Over The Weekend: Midlake, John Grant at Hailey's Club

Midlake, John Grant
Haileys Club, Denton
June 5, 2010

Better than:
some other folk bands, probably.

midlakefullbandblog.jpg
Mattie Stafford
For more shots from Saturday night's show at Hailey's, check the slideshow.
When John Grant, former frontman for The Czars, took the stage to open for Midlake's homecoming show at Hailey's Club in Denton, he really did set the tone for the entire night. He sat down, somber-faced and forlorn, and stared despondently at his piano.

"I'm sure all of you out there know what it's like to have a cocaine dealer living on your couch," he said.

The audience, made up for the most part of folks under 21 (I've had a harder time getting a drink at Hailey's at 10 PM on a Wednesday night), chuckled a bit.

It would be one of their liveliest efforts of the night.

When Denton's own Robert Gomez and others joined in on the fun on stage, they provided a good backing for Grant's solo work--the lyrics and tone of which probably went over a lot of people's heads, particularly during "Jesus Hates Faggots," a song with clever and intense statements that no one really seemed to catch on to.

At one point, Grant stated his love for Denton after having recorded his solo debut album there, seeming very sincere in doing so. He thanked Midlake, and indeed the help they provided in his time of great personal need came out not only in his interactions with audience, but also in his music, which, by no coincidence, seemed very connected to that of Midlake (not least because it was produced and co-written by bassist Paul Alexander).

When it was Midlake's turn to "rock the house," there was certainly a buzz of excitement in the air. Playing at Hailey's instead of the Palladium may have turned out to be more fitting for them in terms of intimacy, potentially confusing venue change notwithstanding.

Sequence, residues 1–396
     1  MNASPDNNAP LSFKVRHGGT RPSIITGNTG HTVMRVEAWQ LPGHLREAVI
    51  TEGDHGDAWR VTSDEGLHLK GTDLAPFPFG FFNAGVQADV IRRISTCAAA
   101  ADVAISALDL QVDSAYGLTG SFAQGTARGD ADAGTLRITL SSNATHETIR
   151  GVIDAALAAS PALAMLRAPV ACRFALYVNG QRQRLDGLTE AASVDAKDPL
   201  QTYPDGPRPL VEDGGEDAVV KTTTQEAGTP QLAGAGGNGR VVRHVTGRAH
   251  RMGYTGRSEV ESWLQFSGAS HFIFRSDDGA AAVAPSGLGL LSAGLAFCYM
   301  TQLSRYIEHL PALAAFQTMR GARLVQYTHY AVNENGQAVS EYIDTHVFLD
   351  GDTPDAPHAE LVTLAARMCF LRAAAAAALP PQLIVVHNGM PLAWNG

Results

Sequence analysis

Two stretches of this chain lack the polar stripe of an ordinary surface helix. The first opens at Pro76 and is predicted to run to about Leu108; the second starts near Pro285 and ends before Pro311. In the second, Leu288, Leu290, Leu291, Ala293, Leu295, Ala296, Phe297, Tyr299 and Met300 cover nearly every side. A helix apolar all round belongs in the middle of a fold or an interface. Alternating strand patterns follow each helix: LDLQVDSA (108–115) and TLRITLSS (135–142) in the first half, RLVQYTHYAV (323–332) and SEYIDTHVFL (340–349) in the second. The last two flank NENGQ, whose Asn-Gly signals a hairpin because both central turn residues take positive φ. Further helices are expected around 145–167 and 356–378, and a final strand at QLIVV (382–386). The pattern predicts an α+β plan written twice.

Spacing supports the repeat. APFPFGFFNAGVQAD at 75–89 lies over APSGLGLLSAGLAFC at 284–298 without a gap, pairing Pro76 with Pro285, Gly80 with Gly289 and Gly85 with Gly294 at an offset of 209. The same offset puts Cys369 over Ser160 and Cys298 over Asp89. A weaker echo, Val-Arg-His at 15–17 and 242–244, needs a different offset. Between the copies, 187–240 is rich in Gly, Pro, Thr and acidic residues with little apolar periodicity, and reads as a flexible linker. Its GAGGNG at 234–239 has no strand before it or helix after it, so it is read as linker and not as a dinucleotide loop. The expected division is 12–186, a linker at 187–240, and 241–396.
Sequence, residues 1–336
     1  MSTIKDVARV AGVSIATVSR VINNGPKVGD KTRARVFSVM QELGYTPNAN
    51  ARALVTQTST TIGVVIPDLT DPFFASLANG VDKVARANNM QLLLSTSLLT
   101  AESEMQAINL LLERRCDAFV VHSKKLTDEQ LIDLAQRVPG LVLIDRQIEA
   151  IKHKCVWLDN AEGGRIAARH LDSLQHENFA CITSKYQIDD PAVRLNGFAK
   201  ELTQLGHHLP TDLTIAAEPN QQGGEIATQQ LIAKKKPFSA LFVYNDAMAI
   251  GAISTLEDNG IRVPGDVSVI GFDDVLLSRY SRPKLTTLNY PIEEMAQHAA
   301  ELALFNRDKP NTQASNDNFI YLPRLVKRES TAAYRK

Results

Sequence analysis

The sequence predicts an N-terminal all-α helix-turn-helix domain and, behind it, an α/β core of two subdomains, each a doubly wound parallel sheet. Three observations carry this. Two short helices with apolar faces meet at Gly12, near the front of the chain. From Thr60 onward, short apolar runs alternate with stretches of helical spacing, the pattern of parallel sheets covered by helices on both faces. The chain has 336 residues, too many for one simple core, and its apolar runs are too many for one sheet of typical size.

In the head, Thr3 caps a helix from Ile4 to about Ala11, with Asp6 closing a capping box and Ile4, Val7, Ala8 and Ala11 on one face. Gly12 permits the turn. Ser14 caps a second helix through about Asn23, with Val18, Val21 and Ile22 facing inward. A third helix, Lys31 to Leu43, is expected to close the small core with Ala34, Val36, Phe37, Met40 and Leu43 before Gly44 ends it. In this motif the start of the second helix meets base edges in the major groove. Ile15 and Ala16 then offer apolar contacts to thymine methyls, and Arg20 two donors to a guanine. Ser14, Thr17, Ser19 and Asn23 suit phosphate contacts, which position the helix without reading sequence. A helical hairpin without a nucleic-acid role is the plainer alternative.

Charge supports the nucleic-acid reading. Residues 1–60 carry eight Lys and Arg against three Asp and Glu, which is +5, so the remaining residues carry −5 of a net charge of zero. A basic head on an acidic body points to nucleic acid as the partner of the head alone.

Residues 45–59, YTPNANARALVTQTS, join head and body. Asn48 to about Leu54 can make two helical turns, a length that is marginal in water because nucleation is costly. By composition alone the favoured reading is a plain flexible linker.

As the band launched into a live rendition of "Winter Dies," the audience became spellbound--apparently so much so that they really didn't move almost at all the rest of the performance. The sea of still faces in the room appeared more like a photograph than a movie.

For "Young Bride," the guys opted for an extended live version, something they did with many of their more popular songs. It may have been for the better--if these build-ups and rock-outs actually rocked.

Something about making a song a couple of minutes longer without it reaching that true visceral crescendo was a letdown, which may have been what prompted someone within earshot to say, "This is like a rock show for senior citizens."

Midlake upped the ante, though, during a relatively rousing performance of "Roscoe" in which they came closest to what could be considered "rocking out." It was another one of their extended treatments specialized for live performance, and it did spark some undulation from the crowd. But, in keeping with respectful folk show etiquette, it wasn't much.

In spite of the inherent lull produced by a contemporary folk outfit with an acoustic guitarist and flautist, Midlake was as tight and precise on this night as you could expect from an internationally lauded and group that was recently nominated for a Mojo award as "best live act." The songs weren't played exactly as they appear on their albums--they were improved through some individual instrumentation that blended together quite seamlessly.

It's easy to see why these guys are as big worldwide as they are--they are decisive, masterful, deliberate yet effortless and smooth as hell with their music. This applies even more so to their live show.

But if there's one ingredient they forgot to add to their very advanced recipe, it's entertainment.

Critic's Notebook
Personal Bias:
As if it weren't already so incredibly evident, I like my rock music to rock. Granted, this is folk and isn't necessary supposed to. But for Pete's sake, make people move!

By The Way: Contrary to the belief of many, I think the band's sound lends itself more to recorded studio material rather than live performance precisely because of its contemplative, soft and repetitive nature. I also think the band is a true team and isn't meant to showcase any one singer or instrument in that very singer/songwriter way that many folk groups do, which is one of their strengths.

Random Note: I heard Midlake for the first time in my life the day I went to this show. I listened to almost their entire discography that day, and perhaps I'd experienced some burnout when it came time for the show itself..

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